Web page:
Friday, September 28, 2012

Calling all people of compassion

Rainy and cold this morning and I'm wondering how my young homeless couple fared last night.  They've been sleeping outside while their year old son stays sometimes with her sister, sometimes with his mother, both extremely tenuous situations that could end at any time because .  I've been trying to get them into shelter all week, but no luck so far.  They are "to blame" for their homelessness because a month ago, when the mom was living with her mom in Connecticut, they were evicted from private housing. I won't even try to explain all the hoops this family has been jumping through, trying to get qualified for shelter.  But in my last conversation with a DHCD worker yesterday, the worker said the Gram had been working 32 hours a week and the mom receiving cash assistance from welfare and they still couldn't pay the rent of $750!  Well, I'm calculating that at minimum wage, Gram was taking home about $700 a month, and mom's cash benefits were about $500, leaving them about $450 a month to pay all other utilities, transportation, clothing, etc. Maybe some families could have pulled this off, but my family couldn't; they gradually fell behind.    (Gram had 2 other children in the household, also.)  So it's their fault they were evicted, and they are therefore ineligible for shelter.

But what does it matter?  They are no less homeless.  Every morning my couple goes and picks up their son from whatever house he's been sleeping at the night before (both her sister and his mother work two jobs each) and then they wander the street.  But according to the DHCD worker, as long as the child has a place to sleep at night, that's all that matters.  And if the situation falls apart, and the child is out on the street with them, they still won't be eligible for shelter-- but most likely they will then lose their child to the custody of the Dept. of Children and Families.

More bad news for my couple-- when I told them that at least they, themselves, could get beds at Worthington St. Shelter, I found out that the shelter has changed its policy from taking all comers to the development of a waiting list.  You have to call at 9 am. and 5 pm. each day to see if a bed has opened up.  (There are only 36 beds for single homeless women in all of Springfield.)

This is scarcely the worst case of shelter denial I've heard in the last six weeks, since DHCD's new regulations went into effect.  Not surprisingly (to us, anyway), many housing and shelter providers choose to say these regs are good for the families, that shelter is a bad place, and what they have to offer, instead, is a housing benefit with a $4,000 maximum.  You can use it for first month's rent and a security deposit, but if my family can even find an apartment that is less than their monthly income (which is zero, at the moment), how far will $4,000 take them?  The thinking on DHCD's part, such as it is, is that before the $4,000 runs out, families will be able to increase their income and stabilize their lives to be able to carry the burden of market rate housing on their own-- at a time when market rate rents have never been higher, when there's a ten year waiting list for public housing, and when most jobs are part-time and low-paying.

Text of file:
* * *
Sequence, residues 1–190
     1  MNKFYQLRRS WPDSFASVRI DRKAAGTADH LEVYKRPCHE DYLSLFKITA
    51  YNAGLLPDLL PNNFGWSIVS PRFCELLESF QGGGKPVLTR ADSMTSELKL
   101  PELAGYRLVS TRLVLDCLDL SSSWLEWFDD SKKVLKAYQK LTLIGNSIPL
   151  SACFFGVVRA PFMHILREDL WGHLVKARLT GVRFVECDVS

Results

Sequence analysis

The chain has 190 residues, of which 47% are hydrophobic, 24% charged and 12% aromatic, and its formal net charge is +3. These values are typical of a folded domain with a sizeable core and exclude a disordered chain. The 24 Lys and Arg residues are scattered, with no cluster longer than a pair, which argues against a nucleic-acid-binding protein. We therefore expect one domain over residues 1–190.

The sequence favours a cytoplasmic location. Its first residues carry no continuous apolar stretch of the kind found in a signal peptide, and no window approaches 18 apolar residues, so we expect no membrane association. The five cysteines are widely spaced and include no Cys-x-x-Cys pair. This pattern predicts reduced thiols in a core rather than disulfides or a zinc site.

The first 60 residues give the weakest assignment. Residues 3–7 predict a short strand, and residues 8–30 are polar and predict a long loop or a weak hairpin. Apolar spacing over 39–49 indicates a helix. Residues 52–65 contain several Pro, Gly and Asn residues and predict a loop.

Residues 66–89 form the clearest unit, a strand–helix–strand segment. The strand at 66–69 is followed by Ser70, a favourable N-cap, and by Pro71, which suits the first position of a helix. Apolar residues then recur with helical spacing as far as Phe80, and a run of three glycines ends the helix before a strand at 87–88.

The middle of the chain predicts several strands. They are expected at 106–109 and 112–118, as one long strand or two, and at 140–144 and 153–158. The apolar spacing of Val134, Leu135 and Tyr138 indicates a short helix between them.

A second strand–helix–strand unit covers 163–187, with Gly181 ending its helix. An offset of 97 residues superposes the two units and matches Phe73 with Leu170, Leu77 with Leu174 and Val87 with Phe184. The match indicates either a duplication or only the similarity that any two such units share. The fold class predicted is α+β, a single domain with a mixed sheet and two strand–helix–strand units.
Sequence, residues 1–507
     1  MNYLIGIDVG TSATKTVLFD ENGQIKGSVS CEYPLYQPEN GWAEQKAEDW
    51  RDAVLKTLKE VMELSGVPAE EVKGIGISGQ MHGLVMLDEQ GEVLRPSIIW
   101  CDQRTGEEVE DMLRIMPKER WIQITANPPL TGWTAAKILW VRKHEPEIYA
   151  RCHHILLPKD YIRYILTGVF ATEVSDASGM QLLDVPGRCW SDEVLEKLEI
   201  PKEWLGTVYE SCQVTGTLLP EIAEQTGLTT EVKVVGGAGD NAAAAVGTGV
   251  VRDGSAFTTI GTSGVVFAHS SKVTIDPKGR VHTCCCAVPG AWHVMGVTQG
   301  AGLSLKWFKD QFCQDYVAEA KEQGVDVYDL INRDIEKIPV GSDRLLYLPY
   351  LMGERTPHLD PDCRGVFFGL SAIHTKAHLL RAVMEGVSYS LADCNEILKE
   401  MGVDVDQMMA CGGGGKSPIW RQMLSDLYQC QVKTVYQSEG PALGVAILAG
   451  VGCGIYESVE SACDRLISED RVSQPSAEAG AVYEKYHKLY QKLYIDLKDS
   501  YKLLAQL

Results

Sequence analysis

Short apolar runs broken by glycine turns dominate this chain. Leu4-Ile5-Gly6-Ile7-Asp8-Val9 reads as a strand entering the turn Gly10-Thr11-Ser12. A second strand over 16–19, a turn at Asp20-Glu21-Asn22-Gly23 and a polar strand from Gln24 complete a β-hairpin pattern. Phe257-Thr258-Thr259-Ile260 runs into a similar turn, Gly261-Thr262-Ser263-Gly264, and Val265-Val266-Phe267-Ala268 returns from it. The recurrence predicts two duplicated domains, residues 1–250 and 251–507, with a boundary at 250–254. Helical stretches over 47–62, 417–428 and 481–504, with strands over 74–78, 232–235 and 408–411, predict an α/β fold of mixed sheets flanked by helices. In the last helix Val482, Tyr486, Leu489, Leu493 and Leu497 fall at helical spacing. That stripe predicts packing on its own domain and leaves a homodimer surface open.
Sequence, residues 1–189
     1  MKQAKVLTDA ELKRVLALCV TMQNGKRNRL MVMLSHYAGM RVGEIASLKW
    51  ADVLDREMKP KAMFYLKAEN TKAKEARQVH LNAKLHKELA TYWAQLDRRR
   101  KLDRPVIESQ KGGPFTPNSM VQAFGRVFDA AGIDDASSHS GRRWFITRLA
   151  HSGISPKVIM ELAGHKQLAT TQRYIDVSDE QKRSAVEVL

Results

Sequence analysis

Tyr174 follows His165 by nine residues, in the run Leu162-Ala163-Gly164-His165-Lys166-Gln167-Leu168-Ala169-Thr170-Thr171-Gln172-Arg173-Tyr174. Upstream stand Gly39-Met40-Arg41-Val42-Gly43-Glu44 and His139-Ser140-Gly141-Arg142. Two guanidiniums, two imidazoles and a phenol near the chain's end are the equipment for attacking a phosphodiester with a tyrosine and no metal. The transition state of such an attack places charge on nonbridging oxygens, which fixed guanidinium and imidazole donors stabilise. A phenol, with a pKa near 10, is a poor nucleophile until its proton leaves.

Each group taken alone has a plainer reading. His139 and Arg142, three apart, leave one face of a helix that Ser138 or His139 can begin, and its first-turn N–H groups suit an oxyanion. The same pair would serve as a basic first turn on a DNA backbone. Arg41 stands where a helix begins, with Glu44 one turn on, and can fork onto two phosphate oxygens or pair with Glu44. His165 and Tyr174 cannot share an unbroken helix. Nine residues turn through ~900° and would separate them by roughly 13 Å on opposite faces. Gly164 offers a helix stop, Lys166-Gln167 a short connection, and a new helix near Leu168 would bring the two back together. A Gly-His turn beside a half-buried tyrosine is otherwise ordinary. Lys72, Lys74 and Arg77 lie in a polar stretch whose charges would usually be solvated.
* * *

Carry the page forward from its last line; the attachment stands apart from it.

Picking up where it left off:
I could go on, but let me come to the point of this blog post:  I am asking readers for two things:

First, who would be willing to open their homes and take a family in for a couple of days at a time?  We promise to send you only families who literally have nowhere else to go, and who are not eligible for shelter or are still jumping through hoops.  This is a very short-term solution, I know-- sort of like evacuating survivors from a war-torn country-- but it's all we can think of at the moment.  We've been trying to get the attention of the Greater Springfield Council of Churches and Catholic Charities, but they've shown a remarkable lack of interest in the issue of homelessness so far. 

Second, we know there are some other solutions that are possible-- and I won't describe them here-- but we need more people resources. Can you help us strategize and bring these solutions to reality? 

Let me end by saying that we are really over the top here at Arise with the number of families who come to us needing help..  I even had a (now shameful) moment yesterday when I hung up the phone after talking with another homeless family and shouted to the ceiling, :"God help me!"    But it's not me that needs help-- except help helping others.  What can you do to help?

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